Why Deferring College Can Be The Better Option For Some


We are taught that college education is essential to success. Our parents promote this idea and try to provide us with the best college opportunities.

There is no doubt that college education is imperative to a bright and lucrative future. Furthermore, it gives you insight and knowledge that you might not have acquired before.

Additionally, it teaches us how to build up time-management skills and focus on long-term projects. So, there is no question that it's a good idea. However, is it for everyone out of high school?

They say only around 55 to 60 percent of students seeking a four-year degree graduate within six years. This is due to many factors, like excessive major switching, not taking it seriously enough, partying too hard, not showing up for class and just finding it too difficult.

Additionally, some students get degrees in subjects they decide they don't want to use in life or for which they cannot find related fieldwork. So, does it seem like college is the best idea for everyone after high school? Probably not.

If you are not a book person and did not enjoy high school, then do not feel forced into college right after high school graduation.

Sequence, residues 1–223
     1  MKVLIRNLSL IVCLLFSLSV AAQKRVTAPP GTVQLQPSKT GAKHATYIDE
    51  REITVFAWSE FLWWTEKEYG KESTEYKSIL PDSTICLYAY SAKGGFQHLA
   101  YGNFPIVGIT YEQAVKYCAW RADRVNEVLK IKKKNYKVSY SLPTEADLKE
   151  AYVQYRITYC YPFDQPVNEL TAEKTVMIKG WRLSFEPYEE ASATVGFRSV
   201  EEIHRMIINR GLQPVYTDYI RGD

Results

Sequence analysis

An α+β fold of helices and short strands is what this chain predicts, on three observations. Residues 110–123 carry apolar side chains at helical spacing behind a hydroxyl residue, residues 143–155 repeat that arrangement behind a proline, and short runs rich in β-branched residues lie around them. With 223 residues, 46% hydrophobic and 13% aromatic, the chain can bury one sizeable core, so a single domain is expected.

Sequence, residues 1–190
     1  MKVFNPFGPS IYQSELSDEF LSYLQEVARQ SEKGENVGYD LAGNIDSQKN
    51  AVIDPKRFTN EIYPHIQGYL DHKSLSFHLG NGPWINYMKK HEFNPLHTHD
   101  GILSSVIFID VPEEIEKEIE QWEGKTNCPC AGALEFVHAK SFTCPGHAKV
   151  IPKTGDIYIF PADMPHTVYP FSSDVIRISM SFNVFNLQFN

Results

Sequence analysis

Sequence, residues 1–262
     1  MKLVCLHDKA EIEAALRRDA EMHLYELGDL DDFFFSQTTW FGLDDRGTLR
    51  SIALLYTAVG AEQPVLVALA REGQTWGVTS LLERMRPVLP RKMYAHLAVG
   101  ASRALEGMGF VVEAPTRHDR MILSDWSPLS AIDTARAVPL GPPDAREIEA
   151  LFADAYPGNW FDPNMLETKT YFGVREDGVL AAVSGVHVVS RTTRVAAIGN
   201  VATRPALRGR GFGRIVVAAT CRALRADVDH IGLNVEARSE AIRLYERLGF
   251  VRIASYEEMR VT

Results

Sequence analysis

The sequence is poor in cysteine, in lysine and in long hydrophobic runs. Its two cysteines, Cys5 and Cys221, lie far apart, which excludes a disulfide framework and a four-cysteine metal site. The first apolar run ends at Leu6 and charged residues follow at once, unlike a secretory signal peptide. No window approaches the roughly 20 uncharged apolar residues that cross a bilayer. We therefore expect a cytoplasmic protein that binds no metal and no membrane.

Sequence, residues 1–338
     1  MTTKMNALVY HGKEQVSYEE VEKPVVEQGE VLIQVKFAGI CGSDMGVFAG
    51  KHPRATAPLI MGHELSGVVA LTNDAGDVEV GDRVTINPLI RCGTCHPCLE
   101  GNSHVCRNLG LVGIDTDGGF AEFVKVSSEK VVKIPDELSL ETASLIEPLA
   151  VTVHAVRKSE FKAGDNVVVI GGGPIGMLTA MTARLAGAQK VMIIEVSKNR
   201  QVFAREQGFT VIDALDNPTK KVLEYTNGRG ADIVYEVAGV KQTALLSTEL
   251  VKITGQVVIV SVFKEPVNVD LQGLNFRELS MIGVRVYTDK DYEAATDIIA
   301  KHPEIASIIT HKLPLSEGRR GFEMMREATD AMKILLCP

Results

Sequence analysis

There are so many options, like technical schools and the military, which can also provide education. The technical field, medical field and certificate programs are in high demand and pay well.

Additionally, the military can pay your debt and schooling costs, provide a paycheck and teach you responsibility and independence. And, no, not every thing in the military is physically demanding.

The key is to draw up a plan and stick to it. Find something you like that will help you in the future. It is better to plan accordingly and put off college than waste your college time or fall into massive debt.

If you are not a book person who likes to study, then look at technical schools or the military option.

College is not a thought to abandon, but might be worth putting on hold for a number of years. Looking back on my time in the military, then going to college in my mid-20s, I'm glad I made the choices I did. I did well in school and enjoyed it, which is why I am starting my masters coursework.

The funny thing is, I hated high school and was a C-student for the most part. But, according to studies, older students overarchingly outperform younger students. I think this is because we take it more seriously, enjoy it and learn to appreciate it.

Plus, we have more years of experience overcoming tasks and managing problems, so we focus better in general. So, make sure you take the time to plan what you want to do after high school. Consider what you enjoy in life, and if possible, check it out to get a better feel.

Keep your options open; do not disregard technical schools or the military in order to gain experience in other fields. But again, research your options. Picking the wrong degree can hurt you financially and create instability later in life.

You want to be ready for school, so pick a degree that will pay you back, instead of you paying it back.

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